Habitat loss and fragmentation reduce chameleon population in Tanzania
(Phys.org) —Tucked away among the lush rainforests of the Eastern Arc Mountains of Tanzania are a host of species of plants and animals found nowhere else in the world.
Conservation scientists asking wrong questions on climate change impacts on wildlife
Scientists studying the potential effects of climate change on the world's animal and plant species are focusing on the wrong factors, according to a new paper by a research team from the Wildlife Conservation Society, University ...
Protecting mainland Europe from an invasion of grey squirrels
The first genotyping of grey squirrels sampled from Italy and the UK shows a direct link between their genetic diversity and their ability to invade new environments.
Bird invaders 'moving in' to UK's nature reserves
A new study by scientists at the University of York and the RSPB Centre for Conservation Science has demonstrated that nature reserves and other areas specially protected for wildlife, as well as being vital ...
Emerald ash borers were in US long before first detection
New research at Michigan State University shows that the uber-destructive emerald ash borer arrived at least 10 years before it was first identified in North America.
Forest loss linked to swift parrot mortality
(Phys.org) —New research has found the endangered swift parrot is more likely to be killed and eaten by sugar gliders in Tasmania in areas where forests are disturbed or lost compared to areas of intact ...
Study shows invasive species in waterways on rise due to climate change
One of the most serious threats to global biodiversity and the leisure and tourism industries is set to increase with climate change according to new research by Queen's University Belfast.
'Tree of life' distances are no shortcut to conservation
Evolutionary distances that conservationists use to identify and target distinct species may be unreliable, Oxford University research suggests.
Legal harvest of marine turtles tops 42,000 each year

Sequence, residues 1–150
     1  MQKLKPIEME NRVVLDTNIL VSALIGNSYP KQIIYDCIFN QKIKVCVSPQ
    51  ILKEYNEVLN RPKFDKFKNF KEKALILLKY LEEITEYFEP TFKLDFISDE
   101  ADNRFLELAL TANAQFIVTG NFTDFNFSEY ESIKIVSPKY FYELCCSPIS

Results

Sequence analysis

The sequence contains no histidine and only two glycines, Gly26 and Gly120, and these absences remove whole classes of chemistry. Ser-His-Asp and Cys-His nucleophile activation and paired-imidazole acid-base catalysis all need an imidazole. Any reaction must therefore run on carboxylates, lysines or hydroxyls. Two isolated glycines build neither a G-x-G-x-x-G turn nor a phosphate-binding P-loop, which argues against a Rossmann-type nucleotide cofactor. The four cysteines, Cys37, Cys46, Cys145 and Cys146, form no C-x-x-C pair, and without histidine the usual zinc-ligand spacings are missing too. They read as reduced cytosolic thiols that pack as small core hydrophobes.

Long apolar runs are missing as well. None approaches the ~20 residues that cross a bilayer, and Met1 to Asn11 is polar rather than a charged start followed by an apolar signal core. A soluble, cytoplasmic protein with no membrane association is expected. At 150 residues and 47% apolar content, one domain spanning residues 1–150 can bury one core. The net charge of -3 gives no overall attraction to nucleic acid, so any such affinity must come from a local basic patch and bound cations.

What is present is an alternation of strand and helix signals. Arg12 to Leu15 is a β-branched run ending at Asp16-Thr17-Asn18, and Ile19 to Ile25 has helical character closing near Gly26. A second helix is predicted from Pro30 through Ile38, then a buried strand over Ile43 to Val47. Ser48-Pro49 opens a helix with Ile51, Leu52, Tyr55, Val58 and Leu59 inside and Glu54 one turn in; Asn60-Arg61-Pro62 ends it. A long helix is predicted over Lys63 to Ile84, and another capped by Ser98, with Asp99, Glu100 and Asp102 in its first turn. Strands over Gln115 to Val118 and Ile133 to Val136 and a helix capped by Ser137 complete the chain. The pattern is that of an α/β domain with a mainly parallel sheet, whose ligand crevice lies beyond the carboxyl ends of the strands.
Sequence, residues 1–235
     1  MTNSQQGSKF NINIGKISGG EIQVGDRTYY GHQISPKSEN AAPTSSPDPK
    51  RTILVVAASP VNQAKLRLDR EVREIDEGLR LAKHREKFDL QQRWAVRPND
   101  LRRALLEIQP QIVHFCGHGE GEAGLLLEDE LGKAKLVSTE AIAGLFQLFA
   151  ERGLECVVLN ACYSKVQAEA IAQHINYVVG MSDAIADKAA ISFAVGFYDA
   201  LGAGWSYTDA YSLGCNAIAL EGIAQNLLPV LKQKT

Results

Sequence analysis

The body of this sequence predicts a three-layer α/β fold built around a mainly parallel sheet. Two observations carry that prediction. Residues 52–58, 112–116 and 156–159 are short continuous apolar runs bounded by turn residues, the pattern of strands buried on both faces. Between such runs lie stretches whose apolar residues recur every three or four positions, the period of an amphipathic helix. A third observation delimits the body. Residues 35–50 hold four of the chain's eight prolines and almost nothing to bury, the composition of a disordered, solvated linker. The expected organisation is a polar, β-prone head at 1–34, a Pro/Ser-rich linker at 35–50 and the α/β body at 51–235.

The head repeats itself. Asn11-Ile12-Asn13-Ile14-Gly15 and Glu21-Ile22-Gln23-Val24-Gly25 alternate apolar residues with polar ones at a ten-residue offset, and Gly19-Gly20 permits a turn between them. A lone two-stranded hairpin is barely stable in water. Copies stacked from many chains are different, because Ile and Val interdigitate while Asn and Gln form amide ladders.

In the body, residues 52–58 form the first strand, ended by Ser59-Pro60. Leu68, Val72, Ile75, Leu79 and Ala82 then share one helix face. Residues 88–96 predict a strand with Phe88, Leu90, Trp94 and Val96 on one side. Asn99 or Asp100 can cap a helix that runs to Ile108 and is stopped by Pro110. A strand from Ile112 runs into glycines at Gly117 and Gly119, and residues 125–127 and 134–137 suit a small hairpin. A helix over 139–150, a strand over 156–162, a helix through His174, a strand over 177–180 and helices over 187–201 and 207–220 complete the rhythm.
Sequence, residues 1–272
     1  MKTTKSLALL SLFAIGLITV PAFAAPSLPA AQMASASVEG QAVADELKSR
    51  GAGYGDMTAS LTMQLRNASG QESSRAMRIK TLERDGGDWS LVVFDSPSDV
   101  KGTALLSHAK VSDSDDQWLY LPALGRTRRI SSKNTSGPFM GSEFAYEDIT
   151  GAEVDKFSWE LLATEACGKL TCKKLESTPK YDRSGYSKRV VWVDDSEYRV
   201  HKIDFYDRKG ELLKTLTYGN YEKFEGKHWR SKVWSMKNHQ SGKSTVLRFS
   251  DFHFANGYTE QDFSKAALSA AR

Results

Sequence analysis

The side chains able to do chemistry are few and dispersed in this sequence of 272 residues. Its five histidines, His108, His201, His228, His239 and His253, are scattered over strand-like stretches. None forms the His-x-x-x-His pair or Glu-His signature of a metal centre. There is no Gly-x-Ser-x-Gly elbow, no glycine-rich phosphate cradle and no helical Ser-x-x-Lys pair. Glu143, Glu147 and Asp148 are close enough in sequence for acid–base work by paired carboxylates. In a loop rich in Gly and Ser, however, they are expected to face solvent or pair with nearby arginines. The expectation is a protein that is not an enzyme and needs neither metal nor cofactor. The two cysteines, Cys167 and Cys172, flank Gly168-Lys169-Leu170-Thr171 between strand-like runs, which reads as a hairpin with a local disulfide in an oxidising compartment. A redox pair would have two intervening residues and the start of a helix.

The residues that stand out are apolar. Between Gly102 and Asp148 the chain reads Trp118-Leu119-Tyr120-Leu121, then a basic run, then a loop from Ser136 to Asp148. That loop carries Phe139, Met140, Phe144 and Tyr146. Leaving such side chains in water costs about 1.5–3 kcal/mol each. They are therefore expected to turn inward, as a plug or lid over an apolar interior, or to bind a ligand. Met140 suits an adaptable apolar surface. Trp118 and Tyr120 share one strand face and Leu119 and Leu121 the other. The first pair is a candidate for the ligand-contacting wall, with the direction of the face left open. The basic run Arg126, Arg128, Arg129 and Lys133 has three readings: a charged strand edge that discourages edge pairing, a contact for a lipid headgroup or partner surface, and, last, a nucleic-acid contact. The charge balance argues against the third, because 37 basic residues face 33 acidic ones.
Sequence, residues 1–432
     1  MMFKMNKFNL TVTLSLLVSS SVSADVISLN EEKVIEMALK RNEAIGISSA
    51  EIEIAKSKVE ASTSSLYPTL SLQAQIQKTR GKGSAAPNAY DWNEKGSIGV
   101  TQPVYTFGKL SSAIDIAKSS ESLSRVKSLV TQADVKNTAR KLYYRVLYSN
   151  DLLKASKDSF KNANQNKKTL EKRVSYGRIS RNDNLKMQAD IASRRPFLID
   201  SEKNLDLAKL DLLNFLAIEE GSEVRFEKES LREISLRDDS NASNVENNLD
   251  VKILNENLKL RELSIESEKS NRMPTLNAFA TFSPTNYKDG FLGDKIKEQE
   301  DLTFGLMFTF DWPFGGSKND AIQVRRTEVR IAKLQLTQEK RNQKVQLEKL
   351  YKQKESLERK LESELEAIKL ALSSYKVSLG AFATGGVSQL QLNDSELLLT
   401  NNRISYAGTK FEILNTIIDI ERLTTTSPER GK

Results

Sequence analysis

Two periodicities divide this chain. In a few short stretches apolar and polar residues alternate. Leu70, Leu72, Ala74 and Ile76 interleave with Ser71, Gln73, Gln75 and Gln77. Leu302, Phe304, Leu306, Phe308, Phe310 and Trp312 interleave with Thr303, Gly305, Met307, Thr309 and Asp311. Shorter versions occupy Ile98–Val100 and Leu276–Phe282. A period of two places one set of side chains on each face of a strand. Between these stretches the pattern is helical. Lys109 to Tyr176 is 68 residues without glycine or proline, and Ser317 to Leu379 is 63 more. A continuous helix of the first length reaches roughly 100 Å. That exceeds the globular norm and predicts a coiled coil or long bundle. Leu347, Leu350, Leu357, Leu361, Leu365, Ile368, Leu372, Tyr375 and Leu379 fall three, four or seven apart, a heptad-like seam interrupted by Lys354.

A new study has found that 42 countries or territories around the world permit the harvest of marine turtles – and estimates that more than 42,000 turtles are caught each year by these fisheries.
Communities prepared to be resettled for sake of conserving tigers
Research from the University of Kent has revealed that people in the western Terai Arc Landscape, India, are prepared to relocate their homes and families to help conserve tigers.
Study documents catastrophic collapse of Sahara's wildlife
A new study led by the Wildlife Conservation Society and Zoological Society or London warns that the world's largest tropical desert, the Sahara, has suffered a catastrophic collapse of its wildlife populations.
Where in Europe will the next insect pest infestation occur?
Climate change means that Europe's insect pest invasion is going to get worse. Scientists in the Department of Biology at the University of Fribourg, in collaboration with the Swiss Research Station Agroscope ART and ...
Global change: Stowaways threaten fisheries in the Arctic
Just think of the warty comb jelly or sea walnut, as it is also known. It has caused tremendous damage to fisheries in the Black Sea after arriving in ballast water from its original habitat along the East ...
Damaging non-native forest pests at home in northeastern US
Beginning with early colonists who landed in the New World loaded with dreams, grit and perhaps the continent's first alien forest pests, and continuing today with the expansion of global trade, the northeastern ...
Can Geckos get going?
(Phys.org) —New research from Macquarie University suggests that arid zone reptiles could struggle to find suitable homes as a result of human induced climate change.